The American Academy of Pediatrics states the purpose of vaccines nicely: "The ultimate goal of immunization is the elimination of disease; the immediate goal is prevention of disease in people or groups."
The Centers for Disease Control and Prevention and the World Health Organization have made huge strides in preventing disease spread. Comprehensive immunization programs have rendered the global eradication of smallpox, which was achieved in 1977. We had similar success with elimination of polio from the Americas in 1991.
Measles was nearly eliminated in the United States, but the publication of Andrew Wakefield's fraudulent research paper, claiming the vaccine was responsible for autism, resulted in a significant setback. The data Wakefield reported had been falsified, and the claims were later disproven.
Unfortunately, many parents bought into the Wakefield study, and their unvaccinated children are at risk of measles and other preventable diseases. According to the CDC, the recent measles outbreak in California is responsible for 117 new cases of measles in the United States from January 1 to June 26. The majority of people who contracted measles were unvaccinated.
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With the increasing number of unvaccinated individuals in some communities, the population is at higher risk due to the loss of "herd immunity." With herd immunity, disease is less likely to invade the community if a high percentage of the population (herd) is protected by vaccine. We depend on this protection to keep newborns too young for vaccines safe, as well as children and adults with fragile immune systems.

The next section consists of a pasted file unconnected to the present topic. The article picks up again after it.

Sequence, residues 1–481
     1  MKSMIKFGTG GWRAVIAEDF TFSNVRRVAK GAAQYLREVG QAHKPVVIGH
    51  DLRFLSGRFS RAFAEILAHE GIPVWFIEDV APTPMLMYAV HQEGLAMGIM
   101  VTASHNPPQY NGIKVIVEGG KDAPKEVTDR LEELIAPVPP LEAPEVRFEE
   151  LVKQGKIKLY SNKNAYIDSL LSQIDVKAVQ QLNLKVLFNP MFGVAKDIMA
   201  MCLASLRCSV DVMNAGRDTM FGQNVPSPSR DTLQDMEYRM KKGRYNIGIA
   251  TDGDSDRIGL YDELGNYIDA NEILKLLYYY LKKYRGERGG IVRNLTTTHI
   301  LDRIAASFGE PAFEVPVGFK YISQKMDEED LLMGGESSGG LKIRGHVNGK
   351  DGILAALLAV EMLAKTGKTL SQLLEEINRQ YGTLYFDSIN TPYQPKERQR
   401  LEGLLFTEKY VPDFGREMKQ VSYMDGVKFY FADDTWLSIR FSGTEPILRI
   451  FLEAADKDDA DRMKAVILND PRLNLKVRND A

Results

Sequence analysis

Most vaccines are recommended to be administered in the first two years of life. With the current vaccine schedule set by the CDC, we can now protect children against two forms of meningitis, two forms of hepatitis, as well as tetanus, diphtheria, polio, whooping cough, measles, mumps, rubella, chicken pox and rotovirus.
Adolescents are protected from a third form of meningitis as well as the cancer-causing human papilloma virus (HPV). Recommended adult vaccines include booster doses of tetanus, whooping cough, shingles and a type of bacterial pneumonia.
The flu vaccine is recommended yearly for everyone age 6 months and older.
We are fortunate in Lexington that the majority of our community embraces vaccines and has been immunized, but we are not all protected. Information on vaccines, including the appropriate ages to receive certain vaccines, may be found on the American Academy of Pediatrics website at Aap.org, or the CDC website at Cdc.gov.